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Cover Story: Economy

A Mixed Outlook

Syed Zain Al-mahmood

Stimulating investment and boosting exports will be key to economic success in 2010.


When the global recession hit in September last year, there were dismal predictions for the Bangladesh economy. Exports would plummet and credit would dry up, feared experts. The readymade garments sector, Bangladesh's biggest export earner, was expected to suffer most and drag the economy down with it. But as the financial markets crashed, jobs disappeared and growth took a nosedive in much of the world, it was clear Bangladesh had missed the script.

Although annual GDP growth dipped slightly compared to previous years, Bangladesh still managed to reach a healthy 5.9 percent in Financial Year 2009 (July 1, 2008 to June 30, 2009). Low level of integration with the world economy helped shield Bangladesh from the negative effects of the global downturn. Although consumers in the developed countries spent less, basic clothing items still sold well, and this helped the RMG sector weather the storm. Lower international food and oil prices, combined with a bumper rice crop, helped bring down inflation. The external current account recorded a large surplus of US$2.5 billion because of strong remittance inflows, double-digit export growth and a declining import bill.

Not only did widespread fears of a surge in unemployment and an increase in poverty and social disorder prove unfounded, by June 2009 Bangladesh was being mentioned in the same breath as a handful of other countries that had defied the recession. The country was not going great guns, but it had still done better than many other nations in coping with adversity.

The RMG sector, Bangladesh's biggest export earner, remained competitive despite the recession.

Any celebrations, however, would be premature. Towards the final quarter of 2009, it was clear that the “recession-busting” Bangladeshi economy was experiencing a delayed downturn of its own. The second half of 2009 saw growth fading in exports and remittances. While total year-on-year exports grew by an average of 20 percent in the first part of Financial Year, 09, export performance dipped to a negative growth by December. Moreover, the overall export data masks the diverging performance of ready-made garment exports and the non-RMG exports -- with the latter registering negative overall growth in FY09. Remittances also show a similar pattern, with growth falling from 30.9 percent in the first half of FY09 to 15.7 percent during the second half.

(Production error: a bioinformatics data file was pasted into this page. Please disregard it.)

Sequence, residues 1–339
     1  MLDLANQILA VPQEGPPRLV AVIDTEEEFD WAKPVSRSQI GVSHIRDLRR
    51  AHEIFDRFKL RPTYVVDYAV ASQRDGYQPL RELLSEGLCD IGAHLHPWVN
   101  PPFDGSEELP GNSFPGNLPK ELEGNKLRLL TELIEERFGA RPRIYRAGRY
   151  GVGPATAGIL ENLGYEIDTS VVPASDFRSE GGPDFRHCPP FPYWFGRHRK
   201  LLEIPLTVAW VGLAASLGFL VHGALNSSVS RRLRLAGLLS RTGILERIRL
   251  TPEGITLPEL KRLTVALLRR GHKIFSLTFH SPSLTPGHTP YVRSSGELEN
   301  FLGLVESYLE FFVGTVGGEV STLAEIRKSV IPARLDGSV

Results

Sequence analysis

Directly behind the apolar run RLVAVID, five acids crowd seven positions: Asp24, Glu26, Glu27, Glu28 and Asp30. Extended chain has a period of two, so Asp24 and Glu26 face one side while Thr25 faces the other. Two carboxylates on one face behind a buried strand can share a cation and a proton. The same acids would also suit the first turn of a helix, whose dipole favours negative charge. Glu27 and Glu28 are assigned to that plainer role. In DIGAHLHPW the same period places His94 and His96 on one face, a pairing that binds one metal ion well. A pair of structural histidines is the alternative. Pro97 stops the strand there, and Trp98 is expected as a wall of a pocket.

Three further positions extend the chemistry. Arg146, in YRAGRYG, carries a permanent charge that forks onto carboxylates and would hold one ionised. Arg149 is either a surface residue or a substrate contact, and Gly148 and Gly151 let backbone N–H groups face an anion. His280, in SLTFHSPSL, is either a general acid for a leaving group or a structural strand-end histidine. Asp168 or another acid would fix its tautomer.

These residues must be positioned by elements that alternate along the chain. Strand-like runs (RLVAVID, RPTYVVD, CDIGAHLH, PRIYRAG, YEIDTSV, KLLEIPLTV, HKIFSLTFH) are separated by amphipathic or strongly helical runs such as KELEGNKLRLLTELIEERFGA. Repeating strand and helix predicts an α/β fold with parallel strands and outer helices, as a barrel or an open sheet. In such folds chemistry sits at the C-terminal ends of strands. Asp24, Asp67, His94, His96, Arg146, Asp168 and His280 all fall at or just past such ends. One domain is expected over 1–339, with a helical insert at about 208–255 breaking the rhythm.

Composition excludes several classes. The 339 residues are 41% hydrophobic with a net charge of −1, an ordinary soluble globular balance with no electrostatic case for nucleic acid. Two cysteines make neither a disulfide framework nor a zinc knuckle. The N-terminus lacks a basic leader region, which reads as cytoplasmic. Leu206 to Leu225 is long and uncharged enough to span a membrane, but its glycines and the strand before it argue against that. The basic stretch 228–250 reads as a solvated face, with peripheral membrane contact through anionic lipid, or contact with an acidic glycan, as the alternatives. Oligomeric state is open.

This tale of two halves highlights several areas of concern. According to Dr Zaid Bakht, Research Director at the Bangladesh Institute of Development Studies (BIDS), the investment climate is less than healthy, which does not augur well for sustained growth in 2010.

“The import of capital machineries and raw materials is very low,” says Dr Bakht. “This means investors are holding back from new investments. The government must move quickly to restore investor confidence or the economy will stumble.”

Experts believe concern about the volatile global economic and financial situation, and political uncertainty during the caretaker government's tenure may have restrained export oriented industries from building capacity during FY09. But since the elections, other factors including policy issues and availability of gas and electricity are dampening the investment climate. Reduced import of capital goods and machineries may affect the ability of the export sectors to respond to a possible rise in external demand in the near future even as the global economic recovery gathers steam in 2010.

“Taking advantage of the global recovery that appears to be underway will be one of the challenges of 2010,” says Professor Mustafizur Rahman, Executive Director of Centre For Policy Dialogue (CPD). “But in order to do this, we need investments.”

The weak investment climate is reflected by surplus liquidity in the banks. According to Bangladesh Bank data, surplus funds stood at Tk. 33,995 crore at the end of September. Although this was down by about 800 crore since June, analysts suggest the decrease may be due to purchase of government bonds by the scheduled banks, rather than any surge in commercial lending.

Ensuring food security may be a major challenge in the post-recession scenario.

“Borrowers are not taking loans, which means they are unsure about the viability of their investments,” says Dr Zaid Bakht. “Fear of a double-dip recession may be partly to blame. But the main reasons are internal. Having a good set of macro fundamentals would be key to restoring investor confidence in 2010. This would include achieving reasonable fiscal balances, realistic exchange rate, low interest rates, and social and political stability. There are major infrastructure issues, and the dismal situation in the power sector is probably the most critical.”

Hossain Khaled, managing director of Anwar Group and former president of Dhaka Chamber of Commerce and Industries (DCCI) argues that a sense of security must prevail if investment is to occur. “We have had instances of mobs burning down factories, and extortionists shooting at businessmen because they wouldn't pay. It is the government's job to provide security for entrepreneurs. But apart from physical security, we need guarantees that we will receive enough gas and electricity to run our factories.”

An improvement in power generation would probably top the New Year's wish list of any businessman in Bangladesh. Power shortages are the most serious and immediate of the infrastructure constraints, with damaging impact on productivity and investment. Hossain Khaled believes it is a lack of initiative rather than a lack of resources that is holding back the power sector.